Cocoy considers himself to be Liberal.

  • It would be a great idea, on paper. but knowing the people who run this country will also be the ones who will “control” this project, it could go haywire.

  • Cocoy

    Joe,

    If the past few months is any indication, the NTC needs to sharpen its claws a little more. And I think it is a case of the NTC not doing enough to ensure the Free Market is operating properly.

    The Internet is so bad in the Philippines that at the heart of Makati, people use flash drives to pass around files because emailing a 10MB file takes forever. And I know this because that’s the case in one of my clients.

  • manuelbuencamino

    Cocoy,

    I saw an interview with the CEO of YTL one of the biggest business conglomerates in Malaysia. It is also a global company. Anyway, the man said he wants to take Malaysia to 4G because current network technology is holding back advances by mobile makers like Apple etc.

    What if the gov’t. goes 4G? Is 4G the future?

    • Cocoy

      Hi MB,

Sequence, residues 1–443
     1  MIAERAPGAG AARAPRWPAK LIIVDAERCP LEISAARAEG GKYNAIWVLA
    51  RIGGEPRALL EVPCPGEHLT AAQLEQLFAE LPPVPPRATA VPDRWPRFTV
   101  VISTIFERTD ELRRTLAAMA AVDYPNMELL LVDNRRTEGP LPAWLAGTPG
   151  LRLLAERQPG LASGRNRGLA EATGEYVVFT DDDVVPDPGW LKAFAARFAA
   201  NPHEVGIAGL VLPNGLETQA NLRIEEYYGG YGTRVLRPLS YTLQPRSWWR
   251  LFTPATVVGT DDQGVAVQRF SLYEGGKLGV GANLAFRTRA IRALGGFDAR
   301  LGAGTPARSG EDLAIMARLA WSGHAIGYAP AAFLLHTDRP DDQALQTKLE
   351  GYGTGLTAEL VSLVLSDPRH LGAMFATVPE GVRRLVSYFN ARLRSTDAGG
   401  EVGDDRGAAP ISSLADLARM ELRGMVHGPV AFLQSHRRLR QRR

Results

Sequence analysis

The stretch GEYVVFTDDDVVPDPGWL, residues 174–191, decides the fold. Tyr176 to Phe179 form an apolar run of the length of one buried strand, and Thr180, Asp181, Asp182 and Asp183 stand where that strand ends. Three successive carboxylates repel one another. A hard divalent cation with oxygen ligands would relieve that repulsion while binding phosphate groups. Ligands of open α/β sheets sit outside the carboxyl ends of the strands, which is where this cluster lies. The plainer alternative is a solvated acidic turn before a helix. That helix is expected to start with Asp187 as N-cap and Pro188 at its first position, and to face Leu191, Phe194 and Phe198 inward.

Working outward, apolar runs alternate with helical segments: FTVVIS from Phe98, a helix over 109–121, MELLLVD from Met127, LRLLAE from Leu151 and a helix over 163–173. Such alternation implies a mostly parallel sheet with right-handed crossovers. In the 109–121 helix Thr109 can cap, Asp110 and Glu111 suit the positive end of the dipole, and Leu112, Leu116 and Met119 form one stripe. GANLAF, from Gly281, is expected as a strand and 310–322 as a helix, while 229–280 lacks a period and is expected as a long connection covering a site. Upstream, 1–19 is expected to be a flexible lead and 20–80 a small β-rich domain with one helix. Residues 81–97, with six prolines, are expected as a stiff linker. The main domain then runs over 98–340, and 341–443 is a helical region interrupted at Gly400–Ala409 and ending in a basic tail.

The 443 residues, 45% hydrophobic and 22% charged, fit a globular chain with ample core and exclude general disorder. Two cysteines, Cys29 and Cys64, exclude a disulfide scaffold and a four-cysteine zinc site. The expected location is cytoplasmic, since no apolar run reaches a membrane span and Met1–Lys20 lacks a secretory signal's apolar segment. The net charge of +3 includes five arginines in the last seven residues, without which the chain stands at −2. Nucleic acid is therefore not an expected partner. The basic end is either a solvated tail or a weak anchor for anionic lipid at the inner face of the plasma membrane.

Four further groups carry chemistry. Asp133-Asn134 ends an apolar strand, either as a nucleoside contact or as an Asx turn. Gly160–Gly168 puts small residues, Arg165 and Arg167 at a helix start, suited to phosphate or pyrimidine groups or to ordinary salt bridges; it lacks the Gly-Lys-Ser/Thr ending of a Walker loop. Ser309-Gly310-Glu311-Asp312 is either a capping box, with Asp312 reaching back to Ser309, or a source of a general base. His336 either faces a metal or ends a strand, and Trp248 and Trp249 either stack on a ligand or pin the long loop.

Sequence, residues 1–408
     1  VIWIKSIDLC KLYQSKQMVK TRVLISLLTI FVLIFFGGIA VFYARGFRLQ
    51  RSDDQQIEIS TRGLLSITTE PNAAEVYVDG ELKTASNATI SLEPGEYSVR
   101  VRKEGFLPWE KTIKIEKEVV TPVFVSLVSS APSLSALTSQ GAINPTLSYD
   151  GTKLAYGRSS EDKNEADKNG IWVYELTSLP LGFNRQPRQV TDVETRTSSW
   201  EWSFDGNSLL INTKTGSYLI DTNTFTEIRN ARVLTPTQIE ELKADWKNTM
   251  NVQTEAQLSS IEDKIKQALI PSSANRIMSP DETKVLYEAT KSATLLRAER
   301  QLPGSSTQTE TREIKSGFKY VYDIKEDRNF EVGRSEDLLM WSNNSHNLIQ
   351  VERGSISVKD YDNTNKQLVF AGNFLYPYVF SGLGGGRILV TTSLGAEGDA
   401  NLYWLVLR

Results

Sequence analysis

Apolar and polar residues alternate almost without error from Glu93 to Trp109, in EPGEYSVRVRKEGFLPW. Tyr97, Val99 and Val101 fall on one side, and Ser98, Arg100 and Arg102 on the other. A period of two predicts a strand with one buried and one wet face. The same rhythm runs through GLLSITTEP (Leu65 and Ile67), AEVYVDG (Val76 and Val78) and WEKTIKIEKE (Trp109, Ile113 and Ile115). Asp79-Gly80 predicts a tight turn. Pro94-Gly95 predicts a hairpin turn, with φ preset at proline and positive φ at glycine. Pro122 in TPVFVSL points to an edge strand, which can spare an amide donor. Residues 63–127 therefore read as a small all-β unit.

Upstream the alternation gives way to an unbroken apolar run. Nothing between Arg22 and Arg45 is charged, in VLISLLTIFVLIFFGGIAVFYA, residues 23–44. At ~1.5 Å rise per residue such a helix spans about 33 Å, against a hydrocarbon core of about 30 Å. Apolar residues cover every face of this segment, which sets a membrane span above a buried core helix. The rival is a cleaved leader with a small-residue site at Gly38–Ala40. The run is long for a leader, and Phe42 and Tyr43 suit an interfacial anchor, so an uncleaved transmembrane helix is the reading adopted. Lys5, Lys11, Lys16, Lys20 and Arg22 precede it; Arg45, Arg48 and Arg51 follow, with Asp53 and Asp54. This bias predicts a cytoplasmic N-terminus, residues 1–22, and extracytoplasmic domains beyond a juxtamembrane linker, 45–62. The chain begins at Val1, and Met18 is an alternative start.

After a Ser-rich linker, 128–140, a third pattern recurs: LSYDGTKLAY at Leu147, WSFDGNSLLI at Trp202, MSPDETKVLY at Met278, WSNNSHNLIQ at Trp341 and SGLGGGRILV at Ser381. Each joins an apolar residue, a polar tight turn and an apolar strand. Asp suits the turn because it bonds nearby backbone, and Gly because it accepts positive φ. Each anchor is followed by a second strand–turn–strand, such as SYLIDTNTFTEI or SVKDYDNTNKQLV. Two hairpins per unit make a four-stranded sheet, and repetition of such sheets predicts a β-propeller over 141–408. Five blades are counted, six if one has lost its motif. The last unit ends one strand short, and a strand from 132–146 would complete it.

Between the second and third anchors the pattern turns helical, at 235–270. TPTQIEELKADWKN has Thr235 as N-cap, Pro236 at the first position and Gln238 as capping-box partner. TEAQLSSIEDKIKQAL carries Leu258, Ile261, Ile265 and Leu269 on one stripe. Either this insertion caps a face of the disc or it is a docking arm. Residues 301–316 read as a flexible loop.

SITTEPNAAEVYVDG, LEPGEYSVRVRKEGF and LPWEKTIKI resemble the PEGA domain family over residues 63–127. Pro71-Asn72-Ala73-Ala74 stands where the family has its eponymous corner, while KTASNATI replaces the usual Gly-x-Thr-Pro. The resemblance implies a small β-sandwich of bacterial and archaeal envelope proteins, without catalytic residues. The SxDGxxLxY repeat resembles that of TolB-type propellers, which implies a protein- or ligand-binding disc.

Smart, and Globe have made it a big deal that they are launching “4G” in the Philippines. 4G is a mobile internet standard. I’m not sure what technology Globe is going to use, but for Smart it is HSPA+. Smart is selling their HSPA+ usb prepaid dongle (Smart Rocket) at 3,999 or something [and no, this isn’t an endorsement, haven’t tried it myself]. They also recently made it a big deal to launch, a Netphone— attempting to create an android-based phone ecosystem in the philippines. That said— and I use smart as an example only, but really everyone else is in similar straights, not every cell site is on HSPA+ or HSPA. They haven’t rolled out enough cell sites for it.

      If you can recall back in the day, everyone complained that SMS/Text were constantly delayed, etc. etc. It is the same case right now when it comes to mobile Internet.

      There are other reasons why Internet in the Philippines is ssssooo slow. In some cases, the telco’s network server settings is crappy. I’ll cite an example. Each url— like http://www.google.com or http://www.propinoy.net is like the name on your phone. Each name is associated with a “phone number”. That number is the IP address of the website server. We call that phone directory, DNS. And often, local DNS is crappy.